To show the effectiveness of DOC-IELM-AEs, we apply it to both the ordinary real-world datasets with UCI datasets and large datasets with MNIST, OCR Letters, NORB, and USPS datasets. The simulations show that the proposed deep model possesses better accuracy of testing and more compact network architecture than the aforementioned improved IELM and other deep models without incurring the out-of-memory problem.

This paper is organized as follows. Section 2 reviews the preliminary knowledge of incremental extreme learning machine (I-ELM). Section 3 describes OCI-ELM algorithm, the proposed model which adopts the Gram-Schmidt orthogonalization method into convex I-ELM (CI-ELM). Section 4 makes a comparison between OCI-ELM and other algorithms. Section 5 presents the details of DOC-IELM-AEs algorithm and compares the performance with deep architecture models. Section 6 applies the DOC-IELM-AEs algorithm into elongation prediction of strips. Finally, Section 7 concludes this paper.

2. Related Works

In this section, the main concepts and theory of the I-ELM [8] algorithm are shortly reviewed. For the sake of generality, we assume that the network has only one linear output node, and all the analysis can be easily extended into multinonlinear output nodes cases. Consider a training dataset N = {([x.sub.i], [t.sub.i]) | [x.sub.i] [member of] [R.sup.n], [t.sub.i] [member of] [R.sup.m], 1 {less than or equal to] i [less than or equal to] N}; the SLFN with L additive hidden nodes and activation function [sigma](x) can be represented by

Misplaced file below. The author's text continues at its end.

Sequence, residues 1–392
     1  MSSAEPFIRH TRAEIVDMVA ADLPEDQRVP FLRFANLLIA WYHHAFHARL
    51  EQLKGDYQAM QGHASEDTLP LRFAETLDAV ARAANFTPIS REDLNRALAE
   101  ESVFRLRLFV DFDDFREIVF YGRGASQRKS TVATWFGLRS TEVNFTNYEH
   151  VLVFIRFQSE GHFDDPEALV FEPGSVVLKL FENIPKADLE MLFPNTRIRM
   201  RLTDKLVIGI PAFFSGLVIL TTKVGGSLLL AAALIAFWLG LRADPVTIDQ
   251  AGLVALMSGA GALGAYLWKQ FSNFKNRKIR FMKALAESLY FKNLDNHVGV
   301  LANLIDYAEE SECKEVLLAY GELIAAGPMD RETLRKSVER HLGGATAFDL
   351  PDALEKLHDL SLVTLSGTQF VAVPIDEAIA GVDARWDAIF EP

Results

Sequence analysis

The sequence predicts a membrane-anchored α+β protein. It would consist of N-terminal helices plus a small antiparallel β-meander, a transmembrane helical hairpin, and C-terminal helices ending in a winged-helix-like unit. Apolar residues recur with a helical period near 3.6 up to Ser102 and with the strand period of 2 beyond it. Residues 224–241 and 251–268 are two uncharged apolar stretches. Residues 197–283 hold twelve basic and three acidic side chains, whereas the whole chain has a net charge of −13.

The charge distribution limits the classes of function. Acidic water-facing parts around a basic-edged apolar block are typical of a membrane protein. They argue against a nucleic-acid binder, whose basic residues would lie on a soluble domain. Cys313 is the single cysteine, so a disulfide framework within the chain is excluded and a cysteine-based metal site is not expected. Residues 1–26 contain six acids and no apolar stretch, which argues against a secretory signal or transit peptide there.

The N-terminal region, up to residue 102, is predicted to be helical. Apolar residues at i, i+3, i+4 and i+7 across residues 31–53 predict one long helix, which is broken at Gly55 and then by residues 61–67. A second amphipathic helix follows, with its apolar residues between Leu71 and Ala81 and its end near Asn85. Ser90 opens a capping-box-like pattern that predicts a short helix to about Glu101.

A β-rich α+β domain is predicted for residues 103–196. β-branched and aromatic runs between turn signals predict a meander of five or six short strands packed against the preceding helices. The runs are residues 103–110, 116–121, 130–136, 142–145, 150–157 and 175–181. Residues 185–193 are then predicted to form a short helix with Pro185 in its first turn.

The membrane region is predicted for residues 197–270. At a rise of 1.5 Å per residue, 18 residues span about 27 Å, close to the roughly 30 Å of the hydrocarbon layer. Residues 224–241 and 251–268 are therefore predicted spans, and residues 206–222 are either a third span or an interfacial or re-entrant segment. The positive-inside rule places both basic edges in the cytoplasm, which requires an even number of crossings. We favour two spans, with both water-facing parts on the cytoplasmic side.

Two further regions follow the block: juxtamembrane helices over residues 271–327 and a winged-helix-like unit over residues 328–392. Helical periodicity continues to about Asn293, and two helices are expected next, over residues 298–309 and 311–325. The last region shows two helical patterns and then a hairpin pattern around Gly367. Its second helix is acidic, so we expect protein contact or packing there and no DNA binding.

[f.sub.n](x) = [L.summation over (i=1)] [[beta].sub.i][sigma]([a.sub.i] * [x.sub.j] + [b.sub.j]), j = 1,2, ..., N, (1)

where [a.sub.i] = [[[a.sub.i1], [a.sub.i2], ..., [a.sub.in]].sup.T] is the weight vector connecting the input layer to the ith hidden node, [[beta].sub.i] = [[[[beta].sub.i1], [[beta].sub.i2], ..., [[beta].sub.in]].sup.T] is the weight connecting the ith hidden node to the output node, [b.sub.i] is the threshold of the ith hidden node, and [sigma] is the hidden node activation function.